But trouble loomed when Indiana's then-grading director, Jon Gubera, first alerted Bennett on Sept. 12 that the Christel House Academy had scored less than an A.
"This will be a HUGE problem for us," Bennett wrote in a Sept. 12, 2012 email to Neal.
Neal fired back a few minutes later, "Oh, crap. We cannot release until this is resolved."
By Sept. 13, Gubera unveiled it was a 2.9, or a "C."
A weeklong behind-the-scenes scramble ensued among Bennett, assistant superintendent Dale Chu, Gubera, Neal and other top staff at the Indiana Department of Education. They examined ways to lift Christel House from a "C" to an "A," including adjusting the presentation of color charts to make a high "B" look like an "A" and changing the grade just for Christel House.
It's not clear from the emails exactly how Gubera changed the grading formula, but they do show DeHaan's grade jumping twice.
"That's like parting the Red Sea to get numbers to move that significantly," Jeff Butts, superintendent of Wayne Township schools in Indianapolis, said in an interview with The Associated Press.
DeHaan, who opened the Christel House Academy charter school in Indianapolis in 2002 and has since opened schools in India, Mexico and South Africa, said in a statement Monday that no one from the school ever made any requests that would affect Christel House's grades.
Current Indiana schools chief Glenda Ritz's office declined comment on the emails.
Ritz, a Democrat, defeated Bennett in November with a grass-roots campaign driven by teachers angered by Bennett's education agenda.
Bennett said Monday he felt no special pressure to deliver an "A" for DeHaan. Instead, he argued, if he had paid more attention to politics he would have won re-election in Indiana.
Yet Bennett wrote to staff twice in four days, directly inquiring about DeHaan's status. Gubera
broke the news after the second note that "terrible" 10th grade algebra results had "dragged down their entire school."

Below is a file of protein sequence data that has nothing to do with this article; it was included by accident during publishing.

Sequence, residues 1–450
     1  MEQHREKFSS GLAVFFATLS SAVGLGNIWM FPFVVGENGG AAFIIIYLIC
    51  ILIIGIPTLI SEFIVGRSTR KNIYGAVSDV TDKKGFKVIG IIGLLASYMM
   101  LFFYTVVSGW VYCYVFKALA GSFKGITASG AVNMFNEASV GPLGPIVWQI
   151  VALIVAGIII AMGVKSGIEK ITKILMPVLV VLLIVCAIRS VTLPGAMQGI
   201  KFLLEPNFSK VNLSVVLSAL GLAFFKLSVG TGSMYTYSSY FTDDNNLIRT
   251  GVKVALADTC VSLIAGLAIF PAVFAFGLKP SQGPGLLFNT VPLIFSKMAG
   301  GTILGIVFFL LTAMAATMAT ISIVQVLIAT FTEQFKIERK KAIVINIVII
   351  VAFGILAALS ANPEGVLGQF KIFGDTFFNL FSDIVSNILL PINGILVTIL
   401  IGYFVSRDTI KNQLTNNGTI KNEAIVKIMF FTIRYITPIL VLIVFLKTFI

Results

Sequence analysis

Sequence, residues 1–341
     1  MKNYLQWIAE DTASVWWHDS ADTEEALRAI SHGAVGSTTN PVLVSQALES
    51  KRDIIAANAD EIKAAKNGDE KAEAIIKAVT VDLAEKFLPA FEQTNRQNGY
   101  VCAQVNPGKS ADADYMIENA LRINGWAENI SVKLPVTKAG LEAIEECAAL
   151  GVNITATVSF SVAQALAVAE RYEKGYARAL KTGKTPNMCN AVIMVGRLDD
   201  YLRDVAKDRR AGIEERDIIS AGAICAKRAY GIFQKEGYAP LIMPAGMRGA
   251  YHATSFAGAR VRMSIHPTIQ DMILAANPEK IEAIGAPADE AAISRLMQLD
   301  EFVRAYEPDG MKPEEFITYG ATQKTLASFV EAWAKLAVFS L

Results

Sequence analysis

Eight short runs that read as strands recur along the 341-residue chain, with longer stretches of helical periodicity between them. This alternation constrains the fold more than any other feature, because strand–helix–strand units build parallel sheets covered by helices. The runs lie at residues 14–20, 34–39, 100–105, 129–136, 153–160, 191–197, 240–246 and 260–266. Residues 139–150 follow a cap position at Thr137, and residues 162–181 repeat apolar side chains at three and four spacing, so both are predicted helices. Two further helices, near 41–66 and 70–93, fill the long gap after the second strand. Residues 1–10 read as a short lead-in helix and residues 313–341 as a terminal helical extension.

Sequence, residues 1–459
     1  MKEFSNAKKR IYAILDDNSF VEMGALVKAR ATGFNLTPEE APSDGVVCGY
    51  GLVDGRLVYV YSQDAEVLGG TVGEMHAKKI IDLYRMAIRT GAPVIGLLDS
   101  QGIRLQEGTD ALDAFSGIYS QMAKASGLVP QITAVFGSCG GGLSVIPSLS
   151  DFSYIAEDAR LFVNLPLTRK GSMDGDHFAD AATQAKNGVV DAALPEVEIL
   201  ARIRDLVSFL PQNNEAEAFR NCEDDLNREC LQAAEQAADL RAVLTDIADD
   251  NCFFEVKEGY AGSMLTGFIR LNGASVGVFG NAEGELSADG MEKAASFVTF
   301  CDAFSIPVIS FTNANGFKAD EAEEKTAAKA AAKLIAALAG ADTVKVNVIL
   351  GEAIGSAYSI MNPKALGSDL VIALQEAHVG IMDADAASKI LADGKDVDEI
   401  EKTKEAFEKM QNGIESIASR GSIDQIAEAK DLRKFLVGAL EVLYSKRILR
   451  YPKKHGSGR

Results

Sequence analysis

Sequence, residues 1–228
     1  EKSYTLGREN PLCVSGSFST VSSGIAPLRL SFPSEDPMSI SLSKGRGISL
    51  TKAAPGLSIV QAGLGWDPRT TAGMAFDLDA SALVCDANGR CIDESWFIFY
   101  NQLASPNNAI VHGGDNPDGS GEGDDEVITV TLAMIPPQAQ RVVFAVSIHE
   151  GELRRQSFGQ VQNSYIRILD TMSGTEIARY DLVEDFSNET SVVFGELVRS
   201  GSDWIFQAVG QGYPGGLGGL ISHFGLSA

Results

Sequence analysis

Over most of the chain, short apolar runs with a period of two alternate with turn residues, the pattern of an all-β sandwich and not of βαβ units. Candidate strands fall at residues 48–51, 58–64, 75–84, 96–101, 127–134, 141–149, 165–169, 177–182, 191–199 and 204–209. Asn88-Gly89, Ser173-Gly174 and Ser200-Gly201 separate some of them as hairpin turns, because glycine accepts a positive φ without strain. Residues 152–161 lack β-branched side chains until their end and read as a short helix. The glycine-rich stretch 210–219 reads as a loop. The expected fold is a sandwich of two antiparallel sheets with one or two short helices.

Bennett called the situation "very frustrating and disappointing" in an email that day.
"I am more than a little miffed about this," Bennett wrote. "I hope we come to the meeting today with solutions and not excuses and/or explanations for me to wiggle myself out of the repeated lies I have told over the past six months."
Bennett said Monday that email expressed his frustration at having assured top-performing schools like DeHaan's would be recognized in the grading system, but coming away with a flawed formula that would undo his promises.
When requested a status update Sept. 14, his staff alerted him that the new school grade, a 3.50, was painfully close to an "A." Then-deputy chief of staff Marcie Brown wrote that the state might not be able to "legally" change the cutoff for an "A."
"We can revise the rule," Bennett responded.
Over the next week, his top staff worked arduously to get Christel House its "A." By Sept. 21, Christel House had jumped to a 3.75. Gubera resigned shortly afterward.
He declined comment Monday.
The emails don't detail what Gubera changed in the school formula or how many schools were affected. Indiana education experts consulted for this article said they weren't aware the formula had been changed.